Flight standards district offices (FSDOs) around the country employ pilots who are CFIs as aviation safety inspectors (and other positions) to work with the aviation community to maintain compliance, inspect accidents and many other very necessary jobs that the FAA is designated to conduct by the U.S. Department of Transportation.

These jobs are federally funded, have good benefits plans, offer secure employment and pay well within the governmental pay structure. They also require experience as a CFI in many cases and can be a step up in a career of a professional instructor.

In fact, the FAA right now has a shortage of qualified candidates for aviation safety inspector positions throughout the country. Many FAA FSDO offices are understaffed, which means, if you generally meet ATP minimums, have a current CFI certificate and want to work for the FAA, there's a good chance you could get hired. If you want to look at it more closely, check out USAJobs.com, search for FAA open positions, and get your application going.

The drawbacks? Honestly, one is that there's a common perception that when you work for the FAA, you're the bad guy. When an FAA staffer shows up at a local airport, it can seem like they're the cop showing up at a frat party to ruin all of the fun. But, these positions help make sure safe aviation operations are taking place throughout our general aviation infrastructure. Another drawback is that many FAA staff members see their actual flying activity professionally decrease. This doesn't mean they can't fly for fun in their off-time, but they don't typically fly as much when working for the FAA as a pilot who's employed in traditional pilot positions. Lastly, like any governmental position, you can expect a certain level of bureaucracy and paperwork. For some, this isn't something they like or can even tolerate, but it's part of the job.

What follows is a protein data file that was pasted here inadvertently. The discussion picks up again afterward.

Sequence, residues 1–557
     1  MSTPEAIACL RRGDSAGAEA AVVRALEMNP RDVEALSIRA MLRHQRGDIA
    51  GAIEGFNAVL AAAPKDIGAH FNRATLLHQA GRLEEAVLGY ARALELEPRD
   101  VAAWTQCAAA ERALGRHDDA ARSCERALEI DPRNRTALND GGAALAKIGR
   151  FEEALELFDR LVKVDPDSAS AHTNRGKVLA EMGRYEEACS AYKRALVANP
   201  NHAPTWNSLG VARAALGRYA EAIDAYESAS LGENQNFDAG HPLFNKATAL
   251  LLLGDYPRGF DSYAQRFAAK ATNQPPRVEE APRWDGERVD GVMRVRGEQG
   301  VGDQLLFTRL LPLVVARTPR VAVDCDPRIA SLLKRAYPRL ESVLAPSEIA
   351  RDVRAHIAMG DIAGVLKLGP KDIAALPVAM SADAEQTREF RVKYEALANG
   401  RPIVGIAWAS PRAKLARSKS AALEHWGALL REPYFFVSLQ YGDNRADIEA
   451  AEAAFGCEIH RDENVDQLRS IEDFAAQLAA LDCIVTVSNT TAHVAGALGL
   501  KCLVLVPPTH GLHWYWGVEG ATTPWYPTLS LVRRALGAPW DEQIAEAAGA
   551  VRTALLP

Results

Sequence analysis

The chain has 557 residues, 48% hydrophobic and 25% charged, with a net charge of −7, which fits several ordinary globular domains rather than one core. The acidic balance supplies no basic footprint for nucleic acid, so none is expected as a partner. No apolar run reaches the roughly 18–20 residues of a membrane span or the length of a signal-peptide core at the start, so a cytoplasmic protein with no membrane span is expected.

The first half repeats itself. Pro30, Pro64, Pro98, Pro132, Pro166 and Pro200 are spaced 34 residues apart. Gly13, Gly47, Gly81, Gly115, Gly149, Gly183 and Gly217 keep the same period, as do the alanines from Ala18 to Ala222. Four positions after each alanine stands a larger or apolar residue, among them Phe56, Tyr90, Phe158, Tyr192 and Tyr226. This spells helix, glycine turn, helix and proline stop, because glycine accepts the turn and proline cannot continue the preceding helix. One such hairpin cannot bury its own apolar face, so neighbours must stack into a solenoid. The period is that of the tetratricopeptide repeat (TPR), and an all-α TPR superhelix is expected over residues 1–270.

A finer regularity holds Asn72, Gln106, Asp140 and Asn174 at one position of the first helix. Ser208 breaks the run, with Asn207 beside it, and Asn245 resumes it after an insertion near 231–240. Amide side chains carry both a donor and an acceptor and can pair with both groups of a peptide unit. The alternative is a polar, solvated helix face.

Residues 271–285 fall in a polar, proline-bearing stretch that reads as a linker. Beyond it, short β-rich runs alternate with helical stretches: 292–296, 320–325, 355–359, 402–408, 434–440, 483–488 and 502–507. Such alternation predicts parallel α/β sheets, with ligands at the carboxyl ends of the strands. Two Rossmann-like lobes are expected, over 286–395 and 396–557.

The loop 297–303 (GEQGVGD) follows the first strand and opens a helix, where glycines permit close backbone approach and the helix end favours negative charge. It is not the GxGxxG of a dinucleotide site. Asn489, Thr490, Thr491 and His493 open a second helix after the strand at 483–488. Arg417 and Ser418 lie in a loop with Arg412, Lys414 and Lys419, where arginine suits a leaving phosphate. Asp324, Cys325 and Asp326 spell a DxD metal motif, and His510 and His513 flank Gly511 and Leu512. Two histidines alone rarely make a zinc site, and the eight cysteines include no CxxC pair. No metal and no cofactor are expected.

Value Of Becoming A CFI

In any career field, entry-level jobs lead to more advanced career options. While many think that being a flight instructor is just the stepping stone to other pilot jobs, it can also allow a CFI to gain experience that results in advanced career opportunities. A career as a CFI doesn't necessarily mean sitting in the right seat of a Cessna 172. It means leveraging CFI skills and experience to advance a career as a professional educator.

We need experienced instructors to run flight training programs, provide advanced instruction in advanced aircraft, work for federal agencies that oversee and develop flight training regulations, and serve as check airmen for commercial flight operations and pilot training. Every one of these options requires experience as an instructor that can result in a well-paying career option that isn't just building time as an instructor to become a line pilot somewhere else.


Jason Blair is an active single and multi-engine instructor and FAA Designated Pilot Examiner with 4,900 hours total time and 2,850 hours instruction given. In his role as Examiner, over 900 pilot certificates have been issued.